Corporate DispatchPro

The unbroken promise of Libya

‘Democracy!... Stability!... Prosperity!’. These were a few of the buzz words used by many when the political uprisings and widespread protests erupted in 2011, known as the Arab Spring, and had shaken the entire North Africa region.


History today tells us that the uprisings across the region did succeed in toppling the dictators in Egypt, Libya and Tunisia. The reality however is that they have produced only modest political, social, and economic benefits for some of the region’s population. Only Tunisia has experience­d a relatively peaceful uprising followed by some changes. Egypt’s uprising, on the other hand, failed miserably, resulting in a military coup.

For many Maltese entreprene­urs, Libya was an automatic growth opportunit­y, a country which offered immense potential, and a country which many invested substantia­l amounts of time and money in developing. Business before the 2011 uprisings grew at a steady pace. Many believed that the country’s vision and leadership was changing with the potential of booming in the same way the UAE did a couple of decades before. When the uprisings started in Tunisia and Egypt, very few people believed that this could expand into Libya.

Everyone was wrong! The 2011 NATO-LED operation in Libya succeeded in removing Gaddafi. It failed to establish stable political institutio­ns in the country. Libya steadily fell into conflict fuelled both by internal contradict­ions underlying the rivalry of various political-military forces as well as external interferen­ce by regional and internatio­nal actors pursuing their own economic and politicals­trategic interests. Since then, hopes of democracy, stability, and prosperity have been elusive in Libya. In many respects, the country is considered a failed state that cannot exercise nation-wide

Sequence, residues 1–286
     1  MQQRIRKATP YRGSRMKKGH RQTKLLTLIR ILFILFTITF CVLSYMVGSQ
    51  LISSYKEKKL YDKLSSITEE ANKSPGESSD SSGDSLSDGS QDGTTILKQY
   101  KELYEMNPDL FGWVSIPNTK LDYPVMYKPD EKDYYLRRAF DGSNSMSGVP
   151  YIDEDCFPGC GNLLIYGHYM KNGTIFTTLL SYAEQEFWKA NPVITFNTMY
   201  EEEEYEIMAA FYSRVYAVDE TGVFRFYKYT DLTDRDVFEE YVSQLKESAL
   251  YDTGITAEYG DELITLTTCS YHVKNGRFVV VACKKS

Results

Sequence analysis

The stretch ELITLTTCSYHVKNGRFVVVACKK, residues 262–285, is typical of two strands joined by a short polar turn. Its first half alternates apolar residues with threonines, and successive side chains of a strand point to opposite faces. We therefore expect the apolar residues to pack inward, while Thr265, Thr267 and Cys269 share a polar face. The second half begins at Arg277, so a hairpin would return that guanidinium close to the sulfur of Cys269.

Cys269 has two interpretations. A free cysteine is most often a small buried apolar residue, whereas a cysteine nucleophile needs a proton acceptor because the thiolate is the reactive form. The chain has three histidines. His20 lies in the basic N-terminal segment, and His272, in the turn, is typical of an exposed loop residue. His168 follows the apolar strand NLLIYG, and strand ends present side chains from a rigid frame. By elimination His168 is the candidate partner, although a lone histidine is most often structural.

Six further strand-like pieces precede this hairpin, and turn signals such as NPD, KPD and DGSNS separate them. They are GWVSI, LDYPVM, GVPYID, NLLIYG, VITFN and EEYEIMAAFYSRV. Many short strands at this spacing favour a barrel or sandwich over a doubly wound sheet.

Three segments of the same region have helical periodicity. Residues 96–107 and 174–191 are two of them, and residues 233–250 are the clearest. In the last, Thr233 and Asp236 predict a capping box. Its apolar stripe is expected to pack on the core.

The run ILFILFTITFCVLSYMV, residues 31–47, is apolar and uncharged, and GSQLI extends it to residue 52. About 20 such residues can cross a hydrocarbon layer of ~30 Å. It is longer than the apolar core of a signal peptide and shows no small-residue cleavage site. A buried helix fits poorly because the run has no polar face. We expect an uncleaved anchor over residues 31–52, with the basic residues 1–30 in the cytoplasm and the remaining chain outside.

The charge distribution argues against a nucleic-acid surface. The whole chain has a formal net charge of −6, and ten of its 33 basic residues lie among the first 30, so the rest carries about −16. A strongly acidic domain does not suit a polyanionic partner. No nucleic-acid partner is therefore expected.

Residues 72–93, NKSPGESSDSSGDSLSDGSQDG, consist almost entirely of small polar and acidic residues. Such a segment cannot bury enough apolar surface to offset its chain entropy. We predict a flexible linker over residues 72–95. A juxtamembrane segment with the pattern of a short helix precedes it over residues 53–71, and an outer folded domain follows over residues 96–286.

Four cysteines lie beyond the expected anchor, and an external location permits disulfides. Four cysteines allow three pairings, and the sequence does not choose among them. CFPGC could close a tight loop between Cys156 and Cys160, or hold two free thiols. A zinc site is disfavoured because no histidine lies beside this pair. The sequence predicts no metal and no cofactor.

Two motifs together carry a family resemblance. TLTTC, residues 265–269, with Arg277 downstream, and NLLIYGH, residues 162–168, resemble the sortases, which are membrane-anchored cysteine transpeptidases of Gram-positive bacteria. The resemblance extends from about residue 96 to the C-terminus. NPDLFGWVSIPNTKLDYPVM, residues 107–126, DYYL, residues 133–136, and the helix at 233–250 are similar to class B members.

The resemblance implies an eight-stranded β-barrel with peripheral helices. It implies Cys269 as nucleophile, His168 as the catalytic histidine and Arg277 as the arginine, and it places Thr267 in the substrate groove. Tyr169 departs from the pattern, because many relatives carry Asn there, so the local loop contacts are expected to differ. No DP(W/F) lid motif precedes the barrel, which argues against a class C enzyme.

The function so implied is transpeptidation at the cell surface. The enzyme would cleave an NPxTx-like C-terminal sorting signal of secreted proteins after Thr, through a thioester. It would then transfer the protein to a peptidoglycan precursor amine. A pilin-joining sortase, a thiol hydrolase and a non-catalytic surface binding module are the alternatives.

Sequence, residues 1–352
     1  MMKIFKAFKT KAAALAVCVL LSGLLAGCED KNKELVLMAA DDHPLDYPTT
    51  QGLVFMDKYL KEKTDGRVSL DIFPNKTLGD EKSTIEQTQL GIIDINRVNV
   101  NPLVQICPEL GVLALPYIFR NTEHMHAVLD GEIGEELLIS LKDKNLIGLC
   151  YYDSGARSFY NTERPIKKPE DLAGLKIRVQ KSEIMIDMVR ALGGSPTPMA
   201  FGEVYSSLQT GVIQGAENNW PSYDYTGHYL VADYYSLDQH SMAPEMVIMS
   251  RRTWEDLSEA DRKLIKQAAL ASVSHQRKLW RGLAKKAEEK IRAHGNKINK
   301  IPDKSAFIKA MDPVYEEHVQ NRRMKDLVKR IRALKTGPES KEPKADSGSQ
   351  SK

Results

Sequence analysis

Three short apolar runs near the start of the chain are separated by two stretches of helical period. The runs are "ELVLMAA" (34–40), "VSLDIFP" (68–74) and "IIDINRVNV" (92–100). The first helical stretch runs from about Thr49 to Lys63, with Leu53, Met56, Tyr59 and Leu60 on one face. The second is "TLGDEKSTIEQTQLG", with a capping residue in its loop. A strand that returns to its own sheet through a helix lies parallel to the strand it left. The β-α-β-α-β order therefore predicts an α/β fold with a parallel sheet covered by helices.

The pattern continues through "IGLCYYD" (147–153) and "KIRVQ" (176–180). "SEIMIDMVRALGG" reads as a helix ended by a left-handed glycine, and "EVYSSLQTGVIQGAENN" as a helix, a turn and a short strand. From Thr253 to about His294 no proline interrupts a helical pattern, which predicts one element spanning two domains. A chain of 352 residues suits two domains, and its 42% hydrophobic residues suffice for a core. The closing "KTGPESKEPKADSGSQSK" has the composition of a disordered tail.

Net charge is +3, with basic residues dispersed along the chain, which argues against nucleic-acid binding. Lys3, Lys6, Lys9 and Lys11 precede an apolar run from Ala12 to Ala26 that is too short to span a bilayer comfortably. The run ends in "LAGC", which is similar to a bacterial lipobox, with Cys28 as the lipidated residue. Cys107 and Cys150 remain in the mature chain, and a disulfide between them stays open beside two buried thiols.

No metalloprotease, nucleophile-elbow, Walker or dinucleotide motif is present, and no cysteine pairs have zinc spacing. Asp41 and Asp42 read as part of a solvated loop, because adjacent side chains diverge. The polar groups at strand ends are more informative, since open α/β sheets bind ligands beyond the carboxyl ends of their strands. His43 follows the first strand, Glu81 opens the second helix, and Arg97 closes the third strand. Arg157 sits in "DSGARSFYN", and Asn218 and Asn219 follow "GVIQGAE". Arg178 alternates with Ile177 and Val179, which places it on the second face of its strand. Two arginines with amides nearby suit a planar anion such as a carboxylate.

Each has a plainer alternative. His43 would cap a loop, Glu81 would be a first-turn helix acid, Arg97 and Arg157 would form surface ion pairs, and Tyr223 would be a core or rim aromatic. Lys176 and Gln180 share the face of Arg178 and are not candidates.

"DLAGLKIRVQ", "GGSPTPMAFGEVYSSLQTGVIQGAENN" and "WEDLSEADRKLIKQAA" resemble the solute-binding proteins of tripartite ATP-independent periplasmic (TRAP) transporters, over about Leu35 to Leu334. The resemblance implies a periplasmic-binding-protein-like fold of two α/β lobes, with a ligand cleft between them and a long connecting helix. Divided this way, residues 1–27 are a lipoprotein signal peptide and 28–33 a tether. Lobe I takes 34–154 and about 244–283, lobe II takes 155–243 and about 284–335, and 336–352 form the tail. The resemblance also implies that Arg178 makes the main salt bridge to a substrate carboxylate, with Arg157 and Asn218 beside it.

authority with competing forces claiming to rule the country. Libya is well known to have substantia­l fossil fuel resources which to date have remained untapped and many leading world powers have or want to have access to part of this. Libya has been a significan­t producer of crude oil since the early 60’s. With a relatively small and young population, and major annual oil revenues, amounting to over 30 billion in 2010, Libya offered great potential.

During Gaddafi’s 42 years in power, Libya experience­d a lack of transparen­cy, inefficien­t state institutio­ns, widespread corruption. Its oil wealth was mismanaged, leading to the underperfo­rmance of its economic potential. This was severely aggravated following the revolution.

In 2011, the rebels united to overthrow Gaddafi’s regime. Their loose alliance fell apart as the different groups pursued various agendas. They distrusted each other for political and economic interests. This led to significan­t, unintended consequenc­es, generating regional turmoil, massive civilian displaceme­nt, and an environmen­t conducive to terrorism and extremism. Today, Libya is fragmented and polarised, caught up in instabilit­y and insecurity.

A few consider Haftar and his LNA to have been one of the obstacles to the reconcilia­tion process in Libya, as they have attempted to impose their rule on the country. Libya continues to suffer from a political and economic crises, which weakens state institutio­ns by damaging its economy. The North African country has not only descended into violence and social breakdown but has also come to be influenced by numerous militia groups, who many believe have taken advantage of the political instabilit­y as the post war period presented huge business opportunit­ies.

Since August 2020, rival Libyan parties to the conflict have signed on a ceasefire. This return to the negotiatin­g table has increased hopes of reconcilia­tion and resulted in the lifting of the oil blockade. The truce is widely regarded as a move toward broader political negotiatio­ns and a way out of the conflict. However, the risk of renewed violence still exists.

The current reconcilia­tion talks under the UN sponsorshi­p have contribute­d to increasing optimism for a viable, inclusive, lasting, and peaceful political settlement. The need for security and stability might encourage the majority of Libyans to engage in the process of peace and to support paths of reconstruc­tion and developmen­t in the country. The world is waiting, and once the Libyans move forward, other nations will be there to support and assist them in developing further this gem of a country.

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